Floaters Only Vitrectomy

Posted by susan2018 @susan2018, Mar 6, 2019

I am wondering if anyone has had an FOV, Floaters Only Vitrectomy, and would be willing to share their experiences. For at least two years I was plagued with the constant irritating presence of gauzy, wispy, moving clumps that would obscure my vision and make reading and driving a tiring challenge. Prior to this I had had cataract surgery and a lens exchange surgery. Many, many follow up appointments and a second opinion did not pinpoint a reason for my continuing complaints. Although I did not complain of dry eyes, I was led to believe that was my issue and was treated with Xiidra and then Restasis and then even both at the same time, with no improvement in my symptoms. Finally a follow up appointment with a new ophthalmologist in the practice and my description of what I was seeing led to a diagnosis of a degenerating vitreous and a referral to a vitreal surgeon. Last week I had a vitrectomy to remove the vitreous. Despite the after effects of the surgery, the next day when the eye patch and bandages came off, I could immediately tell that my vision in that eye had cleared. It has been such a relief! I am hoping my recovery is uneventful and am now anticipating following up with the surgeon to schedule the procedure on my other eye. Has anyone experienced a situation similar to mine? Why would my problem not be recognized and diagnosed sooner? I have wondered if I simply was not able to describe my symptoms well enough or if ophthalmologists tend not to recognize or acknowledge how debilitating the condition can be. I understand that over time and with age the vitreous does degenerate for all people. Do only a few people experience what I did during that process or are there many people experiencing it’s deleterious effects on their vision and are just living with it, or as in my case, are not able to get a diagnosis from their eye care providers? I should add that I am in my early 70s and was extremely nearsighted my entire life. Anyone out there experience what I did?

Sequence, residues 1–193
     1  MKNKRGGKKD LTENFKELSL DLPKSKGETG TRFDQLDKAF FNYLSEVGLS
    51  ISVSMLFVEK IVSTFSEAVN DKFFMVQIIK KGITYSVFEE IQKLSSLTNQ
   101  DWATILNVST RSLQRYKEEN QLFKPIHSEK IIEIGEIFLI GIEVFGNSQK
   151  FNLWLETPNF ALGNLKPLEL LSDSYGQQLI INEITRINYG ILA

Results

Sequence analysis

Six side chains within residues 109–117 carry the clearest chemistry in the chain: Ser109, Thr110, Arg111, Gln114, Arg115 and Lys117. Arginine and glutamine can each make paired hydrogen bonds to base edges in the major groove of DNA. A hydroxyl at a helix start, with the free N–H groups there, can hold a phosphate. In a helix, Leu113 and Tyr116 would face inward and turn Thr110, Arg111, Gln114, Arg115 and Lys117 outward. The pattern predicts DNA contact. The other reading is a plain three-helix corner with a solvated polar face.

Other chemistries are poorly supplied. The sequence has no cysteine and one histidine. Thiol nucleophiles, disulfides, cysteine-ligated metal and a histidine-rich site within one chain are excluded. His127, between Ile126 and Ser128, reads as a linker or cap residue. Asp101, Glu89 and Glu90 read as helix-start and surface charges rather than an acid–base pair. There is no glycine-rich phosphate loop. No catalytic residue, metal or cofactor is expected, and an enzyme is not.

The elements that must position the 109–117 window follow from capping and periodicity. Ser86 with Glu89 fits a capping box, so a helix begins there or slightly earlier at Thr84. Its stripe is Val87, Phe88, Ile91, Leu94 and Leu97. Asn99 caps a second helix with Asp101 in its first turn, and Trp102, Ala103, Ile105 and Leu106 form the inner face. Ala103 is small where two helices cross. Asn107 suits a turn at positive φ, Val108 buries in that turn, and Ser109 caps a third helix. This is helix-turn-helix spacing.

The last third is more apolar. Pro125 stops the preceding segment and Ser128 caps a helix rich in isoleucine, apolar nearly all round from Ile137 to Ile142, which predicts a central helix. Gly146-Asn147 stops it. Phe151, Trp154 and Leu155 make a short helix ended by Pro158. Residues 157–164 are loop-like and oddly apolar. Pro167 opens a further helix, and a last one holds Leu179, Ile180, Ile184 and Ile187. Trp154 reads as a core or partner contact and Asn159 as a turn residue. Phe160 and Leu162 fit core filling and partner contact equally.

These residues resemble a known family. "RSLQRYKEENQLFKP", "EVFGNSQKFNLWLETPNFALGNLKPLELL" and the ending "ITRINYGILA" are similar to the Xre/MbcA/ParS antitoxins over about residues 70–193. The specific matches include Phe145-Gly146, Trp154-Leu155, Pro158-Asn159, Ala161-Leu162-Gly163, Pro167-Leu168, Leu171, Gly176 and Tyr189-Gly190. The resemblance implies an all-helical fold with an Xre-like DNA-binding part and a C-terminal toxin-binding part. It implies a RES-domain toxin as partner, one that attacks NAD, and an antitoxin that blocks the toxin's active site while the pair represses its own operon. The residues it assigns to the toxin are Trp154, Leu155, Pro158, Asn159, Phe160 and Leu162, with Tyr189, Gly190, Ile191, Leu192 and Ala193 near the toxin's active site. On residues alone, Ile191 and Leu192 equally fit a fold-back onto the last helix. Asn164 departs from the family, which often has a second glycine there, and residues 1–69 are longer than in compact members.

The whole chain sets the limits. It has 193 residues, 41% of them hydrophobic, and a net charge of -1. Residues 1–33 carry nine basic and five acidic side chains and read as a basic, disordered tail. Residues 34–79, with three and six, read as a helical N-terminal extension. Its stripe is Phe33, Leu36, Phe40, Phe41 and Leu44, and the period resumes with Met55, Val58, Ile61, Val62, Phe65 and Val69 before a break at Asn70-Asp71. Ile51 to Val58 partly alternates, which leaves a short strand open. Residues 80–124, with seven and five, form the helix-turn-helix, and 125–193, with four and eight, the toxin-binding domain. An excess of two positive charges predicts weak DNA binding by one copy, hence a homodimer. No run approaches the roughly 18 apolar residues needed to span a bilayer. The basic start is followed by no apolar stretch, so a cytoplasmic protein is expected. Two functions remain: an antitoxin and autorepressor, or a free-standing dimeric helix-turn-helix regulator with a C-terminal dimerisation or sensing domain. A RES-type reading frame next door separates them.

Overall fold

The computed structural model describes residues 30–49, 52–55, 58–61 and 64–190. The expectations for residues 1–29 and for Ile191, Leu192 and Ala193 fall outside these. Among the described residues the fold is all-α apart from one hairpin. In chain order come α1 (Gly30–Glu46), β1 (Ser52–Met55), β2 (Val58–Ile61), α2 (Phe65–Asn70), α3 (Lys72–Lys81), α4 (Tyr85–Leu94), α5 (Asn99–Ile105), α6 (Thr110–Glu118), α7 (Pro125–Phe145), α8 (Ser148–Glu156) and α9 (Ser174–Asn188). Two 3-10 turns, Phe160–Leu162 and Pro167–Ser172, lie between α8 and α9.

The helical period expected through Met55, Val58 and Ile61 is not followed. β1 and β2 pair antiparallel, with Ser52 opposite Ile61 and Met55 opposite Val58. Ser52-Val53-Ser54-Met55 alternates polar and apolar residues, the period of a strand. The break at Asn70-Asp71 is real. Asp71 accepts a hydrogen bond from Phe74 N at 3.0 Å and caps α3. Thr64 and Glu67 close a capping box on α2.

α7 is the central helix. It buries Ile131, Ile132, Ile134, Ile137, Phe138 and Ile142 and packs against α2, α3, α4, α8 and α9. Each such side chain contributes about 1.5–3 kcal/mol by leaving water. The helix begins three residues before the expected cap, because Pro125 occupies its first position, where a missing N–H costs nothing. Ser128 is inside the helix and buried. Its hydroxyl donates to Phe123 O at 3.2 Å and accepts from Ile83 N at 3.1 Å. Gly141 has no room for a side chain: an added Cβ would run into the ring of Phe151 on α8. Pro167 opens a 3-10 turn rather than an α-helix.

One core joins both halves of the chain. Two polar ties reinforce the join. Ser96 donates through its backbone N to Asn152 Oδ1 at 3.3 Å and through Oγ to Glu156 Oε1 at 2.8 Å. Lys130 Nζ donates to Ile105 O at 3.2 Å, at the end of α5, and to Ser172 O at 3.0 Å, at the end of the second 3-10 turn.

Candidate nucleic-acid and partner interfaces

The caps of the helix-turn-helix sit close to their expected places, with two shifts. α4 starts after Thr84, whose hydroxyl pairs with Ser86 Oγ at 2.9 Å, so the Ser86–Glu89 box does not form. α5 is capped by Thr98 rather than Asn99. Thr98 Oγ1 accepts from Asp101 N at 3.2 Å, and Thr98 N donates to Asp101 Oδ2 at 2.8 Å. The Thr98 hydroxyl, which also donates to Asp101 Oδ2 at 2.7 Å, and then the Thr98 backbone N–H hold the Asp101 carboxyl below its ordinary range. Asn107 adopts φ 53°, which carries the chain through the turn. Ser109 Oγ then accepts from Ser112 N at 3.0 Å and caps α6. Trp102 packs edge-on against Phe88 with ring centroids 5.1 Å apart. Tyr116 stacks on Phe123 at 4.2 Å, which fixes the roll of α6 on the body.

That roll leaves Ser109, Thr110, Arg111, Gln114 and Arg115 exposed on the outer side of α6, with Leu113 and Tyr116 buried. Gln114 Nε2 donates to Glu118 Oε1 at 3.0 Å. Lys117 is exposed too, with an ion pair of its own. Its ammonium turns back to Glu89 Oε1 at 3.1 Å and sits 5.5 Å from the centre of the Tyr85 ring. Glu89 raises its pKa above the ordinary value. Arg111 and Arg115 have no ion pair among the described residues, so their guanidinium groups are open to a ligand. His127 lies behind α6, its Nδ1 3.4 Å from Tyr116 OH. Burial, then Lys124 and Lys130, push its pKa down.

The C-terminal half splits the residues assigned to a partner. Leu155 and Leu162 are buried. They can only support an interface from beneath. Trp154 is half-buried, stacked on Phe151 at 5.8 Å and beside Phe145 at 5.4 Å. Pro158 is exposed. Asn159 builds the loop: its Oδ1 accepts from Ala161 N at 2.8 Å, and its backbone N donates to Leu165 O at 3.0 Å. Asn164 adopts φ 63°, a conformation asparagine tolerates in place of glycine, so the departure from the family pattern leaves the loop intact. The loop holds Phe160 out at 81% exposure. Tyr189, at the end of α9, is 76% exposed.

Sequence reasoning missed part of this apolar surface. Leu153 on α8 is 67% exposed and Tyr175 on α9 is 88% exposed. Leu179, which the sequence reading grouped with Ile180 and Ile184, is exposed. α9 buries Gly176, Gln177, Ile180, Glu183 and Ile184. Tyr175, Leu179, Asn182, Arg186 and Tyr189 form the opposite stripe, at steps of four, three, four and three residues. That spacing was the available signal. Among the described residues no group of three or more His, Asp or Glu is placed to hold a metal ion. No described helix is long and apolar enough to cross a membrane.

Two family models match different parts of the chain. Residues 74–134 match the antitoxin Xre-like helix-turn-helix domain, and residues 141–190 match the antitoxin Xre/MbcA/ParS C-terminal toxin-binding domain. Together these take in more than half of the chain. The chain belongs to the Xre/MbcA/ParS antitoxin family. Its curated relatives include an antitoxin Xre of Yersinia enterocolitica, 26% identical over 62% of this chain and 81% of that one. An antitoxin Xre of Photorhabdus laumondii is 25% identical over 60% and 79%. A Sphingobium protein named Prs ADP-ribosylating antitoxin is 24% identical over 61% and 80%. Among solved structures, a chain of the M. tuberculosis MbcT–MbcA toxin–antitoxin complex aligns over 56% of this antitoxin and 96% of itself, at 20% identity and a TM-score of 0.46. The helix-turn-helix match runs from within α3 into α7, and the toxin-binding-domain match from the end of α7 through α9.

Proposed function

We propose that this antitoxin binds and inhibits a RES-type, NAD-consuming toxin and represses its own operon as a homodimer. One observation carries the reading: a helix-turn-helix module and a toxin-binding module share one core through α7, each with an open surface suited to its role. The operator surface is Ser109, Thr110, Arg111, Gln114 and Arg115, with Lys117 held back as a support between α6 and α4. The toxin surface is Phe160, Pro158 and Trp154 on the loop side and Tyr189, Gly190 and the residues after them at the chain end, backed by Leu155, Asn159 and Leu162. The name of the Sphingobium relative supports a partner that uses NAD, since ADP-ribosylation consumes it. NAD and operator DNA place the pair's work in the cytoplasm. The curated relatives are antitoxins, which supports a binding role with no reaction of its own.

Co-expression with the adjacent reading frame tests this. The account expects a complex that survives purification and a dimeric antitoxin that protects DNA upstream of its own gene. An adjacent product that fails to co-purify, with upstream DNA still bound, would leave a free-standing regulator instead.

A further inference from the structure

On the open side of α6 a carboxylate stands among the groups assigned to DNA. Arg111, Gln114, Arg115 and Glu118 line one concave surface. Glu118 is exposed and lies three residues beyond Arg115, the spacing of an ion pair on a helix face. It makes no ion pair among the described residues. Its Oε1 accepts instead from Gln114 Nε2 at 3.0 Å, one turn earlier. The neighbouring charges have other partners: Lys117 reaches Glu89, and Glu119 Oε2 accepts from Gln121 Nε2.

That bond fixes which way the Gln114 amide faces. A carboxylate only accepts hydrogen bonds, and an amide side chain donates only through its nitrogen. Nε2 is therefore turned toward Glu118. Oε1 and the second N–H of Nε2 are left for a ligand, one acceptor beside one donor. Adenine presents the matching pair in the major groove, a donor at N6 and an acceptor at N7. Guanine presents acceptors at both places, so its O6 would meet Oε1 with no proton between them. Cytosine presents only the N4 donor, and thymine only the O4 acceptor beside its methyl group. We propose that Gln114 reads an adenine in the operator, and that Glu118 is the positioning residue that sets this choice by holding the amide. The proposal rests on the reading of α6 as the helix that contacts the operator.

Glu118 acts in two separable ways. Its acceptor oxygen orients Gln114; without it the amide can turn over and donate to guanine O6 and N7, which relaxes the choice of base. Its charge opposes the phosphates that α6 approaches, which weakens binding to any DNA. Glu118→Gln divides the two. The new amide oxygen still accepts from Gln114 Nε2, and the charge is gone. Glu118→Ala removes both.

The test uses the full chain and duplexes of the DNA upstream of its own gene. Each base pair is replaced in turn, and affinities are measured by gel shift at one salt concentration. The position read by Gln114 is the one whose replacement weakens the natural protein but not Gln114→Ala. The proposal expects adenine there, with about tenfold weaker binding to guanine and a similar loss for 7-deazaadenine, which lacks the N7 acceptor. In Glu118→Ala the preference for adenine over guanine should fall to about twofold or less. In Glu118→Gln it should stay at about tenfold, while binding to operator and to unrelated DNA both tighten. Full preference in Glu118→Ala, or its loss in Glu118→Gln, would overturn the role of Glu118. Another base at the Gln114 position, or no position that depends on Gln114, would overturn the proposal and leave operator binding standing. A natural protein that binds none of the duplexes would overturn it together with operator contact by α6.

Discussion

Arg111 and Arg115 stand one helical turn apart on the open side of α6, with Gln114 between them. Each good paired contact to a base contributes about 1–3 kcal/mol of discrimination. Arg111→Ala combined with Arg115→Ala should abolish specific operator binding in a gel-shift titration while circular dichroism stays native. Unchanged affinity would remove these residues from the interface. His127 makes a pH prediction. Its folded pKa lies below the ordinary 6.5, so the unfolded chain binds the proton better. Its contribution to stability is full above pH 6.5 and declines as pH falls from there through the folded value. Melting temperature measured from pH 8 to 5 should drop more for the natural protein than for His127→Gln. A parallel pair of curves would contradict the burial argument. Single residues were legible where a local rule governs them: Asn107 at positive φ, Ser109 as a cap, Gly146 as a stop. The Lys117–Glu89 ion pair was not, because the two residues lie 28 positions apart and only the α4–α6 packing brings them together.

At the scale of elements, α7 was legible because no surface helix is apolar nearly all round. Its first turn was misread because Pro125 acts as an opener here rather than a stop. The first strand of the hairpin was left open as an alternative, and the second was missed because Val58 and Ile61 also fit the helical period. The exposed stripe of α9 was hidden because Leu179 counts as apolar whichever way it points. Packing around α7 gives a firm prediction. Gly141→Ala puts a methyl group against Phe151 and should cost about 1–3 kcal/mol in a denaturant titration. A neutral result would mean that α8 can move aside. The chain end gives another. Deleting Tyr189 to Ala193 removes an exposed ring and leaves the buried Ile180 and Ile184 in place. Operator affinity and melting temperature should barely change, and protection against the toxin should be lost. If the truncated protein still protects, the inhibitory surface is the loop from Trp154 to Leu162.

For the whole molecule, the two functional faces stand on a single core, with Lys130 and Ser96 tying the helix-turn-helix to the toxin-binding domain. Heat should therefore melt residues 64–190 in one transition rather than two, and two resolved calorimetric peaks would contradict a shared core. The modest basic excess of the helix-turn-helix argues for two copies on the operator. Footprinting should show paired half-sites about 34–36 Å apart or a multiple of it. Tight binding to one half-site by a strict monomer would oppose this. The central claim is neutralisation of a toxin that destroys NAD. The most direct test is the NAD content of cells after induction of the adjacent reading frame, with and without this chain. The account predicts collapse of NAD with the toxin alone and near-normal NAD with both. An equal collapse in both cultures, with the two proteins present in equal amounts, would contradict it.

Interested in more discussions like this? Go to the Eye Conditions group.

@bobbyo

Hi, I am scheduled for a Floaters Only Vitrectomy (FOV) and a concurrent Capsulotomy for Posterior Capsular Opacity (PCO) on my left eye on December 3rd. As I understand it, PCOs are very common in post cataract patients and capsulotomy is a simple YAG laser procedure. I was encouraged to go forward with the FOV by Dr. Sebag, on-line articles and my ophthalmologist/vitreo-retinal specialist. The surgery has been described as 99 percent effective and this runs similar to cataract surgery success profile. Also, the fact that I will have capsulotomy FIRST should afford me excellent chance of -0- floaters after the FOV.

Of course, I am very thankful to you for starting and expanding this discussion group. Your reports have been very helpful in my decision. I am very hopeful of a positive surgery result and I will be in touch. Happy Thanksgiving

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@bobbyo, Best Wishes to you!

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@susan2018

@bobbyo, Best Wishes to you!

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Hi Susan,

I had my FOV on my left eye 2 weeks ago. As I told you, I was entering that surgery with a PCO (posterior capsular opacity, aka “secondary cataract”), which my retina surgeon said he would take care of during the FOV. So, the procedure was done with a local anesthetic and took him about 10 minutes. They placed a patch on my eye the day of surgery and removed it the next day in his office. At that point, I was, largely, pleased with the result. I was was seeing about 20-20 but told him there were some (maybe, 5-15) “spec-sized” floaters that were obvious to me. His response to my concern was that these would go away in a couple weeks.